Afro Celotto was born in Venice on August 24, 1963. He started working with glass when he was only 14 years old, apprenticing with the legendary Lino Tagliapietra.
During his 12 years as first assistant to Lino Tagliapietra, Afro had the opportunity to learn from one of the greatest living glass masters. Since these early years Afro has been producing some of the world’s most beautiful art glass.
Even though he is considered a “youngster” in the world of glass blowing, Afro is quickly becoming recognized by collectors for his technical ability and artistic expression.
After many years at “Effetre International”, Afro took his skills to “La Murrina” where he filled the position of “First Master”. Here he specialized in two of the oldest techniques: filigrana and murrhine.
Four years later, Afro returned to “Effetre International” after being asked to replace Lino Tagliapietra, who had moved to the United States to open his own studio. Lino now often collaborates with Dale Chihuly, who has also had the opportunity to study under the famous Murano master.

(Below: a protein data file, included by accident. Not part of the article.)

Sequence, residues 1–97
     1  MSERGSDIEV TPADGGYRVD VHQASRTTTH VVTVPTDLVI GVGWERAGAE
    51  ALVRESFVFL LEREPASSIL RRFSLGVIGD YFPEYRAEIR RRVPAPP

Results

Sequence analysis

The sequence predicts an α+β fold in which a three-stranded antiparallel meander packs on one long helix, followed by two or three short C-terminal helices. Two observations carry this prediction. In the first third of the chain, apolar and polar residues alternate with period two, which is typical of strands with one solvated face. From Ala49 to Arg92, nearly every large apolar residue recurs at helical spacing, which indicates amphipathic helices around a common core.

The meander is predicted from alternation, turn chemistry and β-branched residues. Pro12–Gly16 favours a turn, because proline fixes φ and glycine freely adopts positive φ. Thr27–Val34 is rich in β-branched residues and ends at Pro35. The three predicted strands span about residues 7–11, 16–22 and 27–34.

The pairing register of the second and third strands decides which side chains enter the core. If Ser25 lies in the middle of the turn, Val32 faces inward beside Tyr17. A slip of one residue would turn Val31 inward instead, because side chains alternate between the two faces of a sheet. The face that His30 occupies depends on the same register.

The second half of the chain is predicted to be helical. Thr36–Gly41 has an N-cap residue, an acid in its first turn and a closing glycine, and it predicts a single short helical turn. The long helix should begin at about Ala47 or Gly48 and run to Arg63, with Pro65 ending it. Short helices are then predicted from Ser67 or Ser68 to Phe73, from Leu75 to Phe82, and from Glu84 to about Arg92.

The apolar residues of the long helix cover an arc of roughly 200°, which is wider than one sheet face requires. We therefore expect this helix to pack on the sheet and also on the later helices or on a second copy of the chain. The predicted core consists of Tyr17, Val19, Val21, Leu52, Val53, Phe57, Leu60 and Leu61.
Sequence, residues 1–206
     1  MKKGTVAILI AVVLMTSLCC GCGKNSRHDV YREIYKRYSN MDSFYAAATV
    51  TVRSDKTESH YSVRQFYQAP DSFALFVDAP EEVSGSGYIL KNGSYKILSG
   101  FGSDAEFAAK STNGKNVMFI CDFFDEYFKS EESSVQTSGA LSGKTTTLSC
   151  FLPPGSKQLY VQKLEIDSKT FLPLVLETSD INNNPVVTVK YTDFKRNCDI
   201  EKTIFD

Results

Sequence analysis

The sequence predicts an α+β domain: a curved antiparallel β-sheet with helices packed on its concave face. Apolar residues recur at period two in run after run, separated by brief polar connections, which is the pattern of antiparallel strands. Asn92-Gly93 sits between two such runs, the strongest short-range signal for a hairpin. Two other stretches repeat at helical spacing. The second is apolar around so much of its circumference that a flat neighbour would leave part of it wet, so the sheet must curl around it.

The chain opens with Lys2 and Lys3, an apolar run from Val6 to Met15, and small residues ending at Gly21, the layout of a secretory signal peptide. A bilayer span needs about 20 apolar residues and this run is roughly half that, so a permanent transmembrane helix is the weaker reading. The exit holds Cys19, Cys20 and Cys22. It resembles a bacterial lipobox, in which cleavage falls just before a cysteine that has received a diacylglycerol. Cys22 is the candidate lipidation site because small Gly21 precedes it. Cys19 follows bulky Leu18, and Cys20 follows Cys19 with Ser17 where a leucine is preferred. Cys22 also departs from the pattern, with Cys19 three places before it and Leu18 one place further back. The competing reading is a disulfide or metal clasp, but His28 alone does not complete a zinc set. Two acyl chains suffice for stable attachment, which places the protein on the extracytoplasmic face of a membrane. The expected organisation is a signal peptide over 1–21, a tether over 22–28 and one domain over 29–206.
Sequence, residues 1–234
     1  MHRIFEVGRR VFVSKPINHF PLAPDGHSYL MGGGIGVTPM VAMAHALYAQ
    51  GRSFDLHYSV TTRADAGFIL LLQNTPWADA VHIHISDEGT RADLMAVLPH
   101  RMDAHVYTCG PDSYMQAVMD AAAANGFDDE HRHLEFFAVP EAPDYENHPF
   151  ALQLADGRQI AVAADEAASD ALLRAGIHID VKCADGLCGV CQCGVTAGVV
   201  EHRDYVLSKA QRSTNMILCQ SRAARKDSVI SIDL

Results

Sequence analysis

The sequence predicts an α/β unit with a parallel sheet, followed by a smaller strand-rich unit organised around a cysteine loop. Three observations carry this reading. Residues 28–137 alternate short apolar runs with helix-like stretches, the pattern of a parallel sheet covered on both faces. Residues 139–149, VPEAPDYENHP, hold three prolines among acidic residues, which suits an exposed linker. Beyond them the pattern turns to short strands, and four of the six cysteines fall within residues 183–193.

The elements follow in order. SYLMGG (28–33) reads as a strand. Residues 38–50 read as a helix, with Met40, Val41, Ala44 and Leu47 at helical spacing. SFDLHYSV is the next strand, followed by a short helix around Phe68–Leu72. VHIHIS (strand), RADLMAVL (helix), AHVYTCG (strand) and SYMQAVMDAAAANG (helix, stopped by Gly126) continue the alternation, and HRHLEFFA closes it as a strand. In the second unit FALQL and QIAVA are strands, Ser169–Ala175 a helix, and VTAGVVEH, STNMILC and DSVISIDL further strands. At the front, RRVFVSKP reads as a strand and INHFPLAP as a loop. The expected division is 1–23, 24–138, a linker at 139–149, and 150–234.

More recently, Afro, with two talented friends, Luca Vidal and Carlo Tagliapietra, has opened his own studio.
For many years previously, Afro worked within the old tradition where great glass masters executed the designs of others. In this new century, he has moved beyond excellence in execution and now finally feels free to devote his attention and focus to his own artistic expression and unique works. This last year has been an immensely creative period for him.
The graphic sign that you see under each piece is the actual signature of the artist, Maestro Afro Celotto. He uses a special diamond point tool to handwrite it under every piece that is made by him.
This is your guarantee of the authenticity and the uniqueness of each art glass piece.
The principal components of glass are silica sand, soda and potassium which, when joined with other particular ingredients, fuse and become glass at a temperature of about 2,500 degrees Fahrenheit. From the incandescent magma, blown and forged by expert hands, the world famous and renowned Murano glass objects are born. In the specific case of Afro, he uses an even more complex and difficult technique called “tociar piera” or “filigree”. Afro prepares the rods of colored glass then lets them cool down slowly. He cuts them to the size he requires to make the piece, joins them all together, reheats them and begins to give them form by means of blowing and shaping.